The House stenographer who erupted into a verbal tirade against members of Congress in the midst of the vote to reopen the government and raise the debt ceiling today said the "holy spirit" told her to do it.
"For the past 2 and 1/2 weeks, the Holy Spirit has been waking me up in the middle of the night and preparing me (through my reluctance and doubt) to deliver a message in the House Chamber," the stenographer, Dianne Reidy, said in a written statement to Fox News. "That is what I did last night."
Reidy's husband, Dan, told Fox that his wife "is a sweet, level-headed wonderful woman of God."
"I am proud of her," Dan Reidy told Fox.
In an interview with the New York Post on Thursday, Reidy reportedly said, she's "never felt better" and that she plans to return to work next week.
"I'm glad that I fulfilled God's mission for me, absolutely," she said, according to the Post. "It lifted a tremendous burden. It was a very hard burden to carry as you can imagine."
The comments are the first clues about why Reidy shouted into a microphone during Wednesday night's vote, an act that led to her forcible removal from the chamber of the House of Representatives.
The stenographer, who helps keep the record of the proceedings of the House, was interviewed by officers before being transported to a hospital "for evaluation," U.S. Capitol Police told ABC News.
Dan Reidy attributed his wife's behavior to two weeks of "waking up in the middle of the night," and in their interview with the New York Post, the couple said Reidy was questioned by a psychiatrist after her outburst Wednesday night.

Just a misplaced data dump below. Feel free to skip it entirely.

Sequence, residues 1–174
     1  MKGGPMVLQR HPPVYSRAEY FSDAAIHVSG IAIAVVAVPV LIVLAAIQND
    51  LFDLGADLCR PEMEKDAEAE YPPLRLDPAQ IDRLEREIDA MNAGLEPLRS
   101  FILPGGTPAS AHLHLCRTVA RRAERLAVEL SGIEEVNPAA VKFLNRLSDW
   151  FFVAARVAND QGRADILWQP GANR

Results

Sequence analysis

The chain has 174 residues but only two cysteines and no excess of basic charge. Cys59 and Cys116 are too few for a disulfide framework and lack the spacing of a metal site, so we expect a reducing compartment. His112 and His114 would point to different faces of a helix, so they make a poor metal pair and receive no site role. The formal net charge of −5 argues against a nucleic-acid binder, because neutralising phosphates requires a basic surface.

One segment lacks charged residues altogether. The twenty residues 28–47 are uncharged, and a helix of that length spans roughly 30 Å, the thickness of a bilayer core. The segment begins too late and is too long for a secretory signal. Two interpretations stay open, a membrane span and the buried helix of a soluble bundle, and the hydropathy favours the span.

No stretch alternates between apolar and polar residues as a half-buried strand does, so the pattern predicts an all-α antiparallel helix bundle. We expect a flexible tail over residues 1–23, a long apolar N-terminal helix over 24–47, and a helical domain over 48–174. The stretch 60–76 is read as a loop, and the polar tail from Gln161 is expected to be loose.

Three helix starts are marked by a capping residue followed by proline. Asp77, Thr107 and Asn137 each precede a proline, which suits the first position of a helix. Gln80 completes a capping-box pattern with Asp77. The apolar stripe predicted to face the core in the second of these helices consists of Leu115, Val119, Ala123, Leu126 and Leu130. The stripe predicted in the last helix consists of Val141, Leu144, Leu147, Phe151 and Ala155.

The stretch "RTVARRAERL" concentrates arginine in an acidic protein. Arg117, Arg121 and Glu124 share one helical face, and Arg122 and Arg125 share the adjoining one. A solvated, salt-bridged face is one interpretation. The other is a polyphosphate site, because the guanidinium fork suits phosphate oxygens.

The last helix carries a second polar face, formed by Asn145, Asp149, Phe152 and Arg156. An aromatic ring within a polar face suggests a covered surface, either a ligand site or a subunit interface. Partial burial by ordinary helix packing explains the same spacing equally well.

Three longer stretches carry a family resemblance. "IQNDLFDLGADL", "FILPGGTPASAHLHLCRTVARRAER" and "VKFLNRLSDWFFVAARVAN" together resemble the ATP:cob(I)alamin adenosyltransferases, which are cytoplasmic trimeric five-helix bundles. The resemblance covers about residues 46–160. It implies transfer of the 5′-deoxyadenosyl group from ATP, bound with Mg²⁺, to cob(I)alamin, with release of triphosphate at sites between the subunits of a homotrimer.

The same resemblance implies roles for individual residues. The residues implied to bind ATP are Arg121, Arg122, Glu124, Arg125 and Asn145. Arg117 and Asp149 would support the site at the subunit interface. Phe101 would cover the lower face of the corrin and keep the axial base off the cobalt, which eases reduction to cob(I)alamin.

As members cast their votes Wednesday evening on legislation to end the 16-day government shutdown, Reidy was seen calmly ascending the rostrum before unleashing her diatribe against members of Congress. Another stenographer stepped in for her.
Reidy was heard shouting "the House is divided," according to one congressional source. After about 30 seconds, Reidy was pulled off the rostrum by two people from the House chamber security staff.
"He will not be mocked," the woman said, according to an audio recording of the incident posted online by Public Radio International reporter Todd Zwillich. "This is not one nation under God. It never was."
She added, "The greatest deception here is this is not one nation under God. It never was. Had it been, it would not have been. The Constitution would not have been written by Freemasons."
She was not arrested or charged and it's unclear whether she will keep her job. Neither Reidy nor the Office of the Clerk has responded to ABC News' request for comment.
Dan Reidy, who described himself to the New York Post as a Pentecostal Christian, said "Dianne didn't know what she was sharing, she didn't know when, but she just sensed in her spirit."
He added, "God was preparing her for this vote last night, because this was kind of the culmination of everything."